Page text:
Citation Context ...Definitions and results. An important problem of modern cryptography concerns secret public-key computations in algebraic structures. There is a lot of public-key cryptosystems using groups (see e.g. =-=[2, 10, 11, 12, 14, 15, 16, 21, 22]-=- and also Subsection 1.3) but only a few of them have a homomorphic property in the sense of the following definition (cf. [11]). Definition 1.1 Let H be a finite nonidentity group, G a finitely gener... |

45 |
A provably secure additive and multiplicative privacy homomorphism
- Domingo-Ferrer
- 2002
(Show Context)
Citation Context ...Using such a cryptosystem one can efficiently implement a secret computation given by any circuit over the structure H. Some other applications of homomorphic public-key cryptosystems can be found in =-=[3, 8, 9, 27]-=-. We mention also that the group theory is a source of constructions (apart from homomorphic cryptosystems) in the cryptography, see e.g. [13, 16, 20, 21, 23]. It is well known that any boolean circui... |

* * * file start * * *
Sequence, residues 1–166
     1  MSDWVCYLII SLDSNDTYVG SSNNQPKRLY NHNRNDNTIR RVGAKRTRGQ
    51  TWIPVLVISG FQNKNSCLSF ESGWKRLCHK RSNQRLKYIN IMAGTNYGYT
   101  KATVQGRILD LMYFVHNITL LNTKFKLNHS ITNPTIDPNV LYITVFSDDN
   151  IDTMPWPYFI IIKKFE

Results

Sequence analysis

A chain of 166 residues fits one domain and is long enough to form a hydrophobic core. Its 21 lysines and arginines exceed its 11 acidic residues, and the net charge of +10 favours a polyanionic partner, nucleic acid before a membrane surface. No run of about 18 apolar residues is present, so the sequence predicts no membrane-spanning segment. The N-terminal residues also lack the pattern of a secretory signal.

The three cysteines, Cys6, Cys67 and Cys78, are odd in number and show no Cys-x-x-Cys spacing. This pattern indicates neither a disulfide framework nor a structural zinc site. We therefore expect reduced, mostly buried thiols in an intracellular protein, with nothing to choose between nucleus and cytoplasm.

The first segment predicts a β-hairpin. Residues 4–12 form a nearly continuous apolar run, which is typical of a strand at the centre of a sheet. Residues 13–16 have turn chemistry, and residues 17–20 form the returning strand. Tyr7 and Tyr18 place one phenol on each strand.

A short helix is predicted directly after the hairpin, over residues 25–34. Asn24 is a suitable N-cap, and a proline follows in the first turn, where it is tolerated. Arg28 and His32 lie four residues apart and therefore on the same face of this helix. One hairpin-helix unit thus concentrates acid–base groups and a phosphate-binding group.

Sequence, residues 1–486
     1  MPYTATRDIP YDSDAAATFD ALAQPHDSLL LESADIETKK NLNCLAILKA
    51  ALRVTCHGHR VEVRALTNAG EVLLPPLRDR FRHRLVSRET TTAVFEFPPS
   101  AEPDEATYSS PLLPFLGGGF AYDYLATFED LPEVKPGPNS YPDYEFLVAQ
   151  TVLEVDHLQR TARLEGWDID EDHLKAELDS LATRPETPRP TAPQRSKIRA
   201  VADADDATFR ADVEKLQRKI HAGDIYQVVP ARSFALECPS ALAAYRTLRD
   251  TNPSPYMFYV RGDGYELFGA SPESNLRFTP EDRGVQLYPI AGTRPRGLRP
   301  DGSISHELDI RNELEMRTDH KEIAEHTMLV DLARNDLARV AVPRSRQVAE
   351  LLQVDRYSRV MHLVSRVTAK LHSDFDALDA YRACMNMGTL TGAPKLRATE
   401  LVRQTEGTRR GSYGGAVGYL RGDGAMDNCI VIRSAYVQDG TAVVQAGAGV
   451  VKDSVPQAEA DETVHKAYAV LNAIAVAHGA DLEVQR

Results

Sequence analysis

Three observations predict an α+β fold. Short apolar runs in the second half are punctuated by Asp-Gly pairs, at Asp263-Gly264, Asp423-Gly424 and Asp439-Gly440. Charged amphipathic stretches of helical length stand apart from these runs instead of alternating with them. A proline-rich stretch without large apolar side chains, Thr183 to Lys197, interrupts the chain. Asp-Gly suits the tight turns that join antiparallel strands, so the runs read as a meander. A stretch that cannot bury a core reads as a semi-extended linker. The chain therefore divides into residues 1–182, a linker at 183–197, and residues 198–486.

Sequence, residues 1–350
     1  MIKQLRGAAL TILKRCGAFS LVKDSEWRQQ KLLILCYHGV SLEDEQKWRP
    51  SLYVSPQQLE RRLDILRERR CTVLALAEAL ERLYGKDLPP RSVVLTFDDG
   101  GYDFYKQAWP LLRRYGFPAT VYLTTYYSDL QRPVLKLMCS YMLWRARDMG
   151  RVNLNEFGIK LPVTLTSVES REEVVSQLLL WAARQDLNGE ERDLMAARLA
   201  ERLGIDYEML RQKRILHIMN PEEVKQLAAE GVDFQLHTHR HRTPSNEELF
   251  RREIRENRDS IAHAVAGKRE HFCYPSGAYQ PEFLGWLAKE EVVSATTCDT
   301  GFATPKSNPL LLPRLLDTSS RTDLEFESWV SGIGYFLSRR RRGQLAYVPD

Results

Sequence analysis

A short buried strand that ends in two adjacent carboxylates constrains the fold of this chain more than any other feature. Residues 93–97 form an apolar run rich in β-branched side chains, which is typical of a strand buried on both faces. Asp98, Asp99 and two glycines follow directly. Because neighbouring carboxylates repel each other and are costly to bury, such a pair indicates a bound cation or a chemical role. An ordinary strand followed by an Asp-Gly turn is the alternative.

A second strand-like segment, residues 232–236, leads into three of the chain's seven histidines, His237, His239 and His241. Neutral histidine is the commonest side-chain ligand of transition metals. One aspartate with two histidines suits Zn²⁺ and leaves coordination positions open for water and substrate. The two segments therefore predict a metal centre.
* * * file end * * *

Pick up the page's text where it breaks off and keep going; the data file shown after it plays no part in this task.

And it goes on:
36 |
Permutation groups and polynomial-time computation
- Luks
- 1993
(Show Context)
Citation Context ...e membership problem when the group in question is given by generators. If Γ is a symmetric group of degree n, then both of these problems can be solved in time n O(1) by the sift algorithm (see e.g. =-=[17]-=-). However, if Γ = GLn(Zm) then both of these problem are closely related with the discrete logarithm problem (when n = 1, m is a prime and X consists of a generator of the multiplicative group of the... |

29 |
On polynomial approximation of the discrete logarithm and the Diffie–Hellman mapping
- Coppersmith, Shparlinski
- 2000
(Show Context)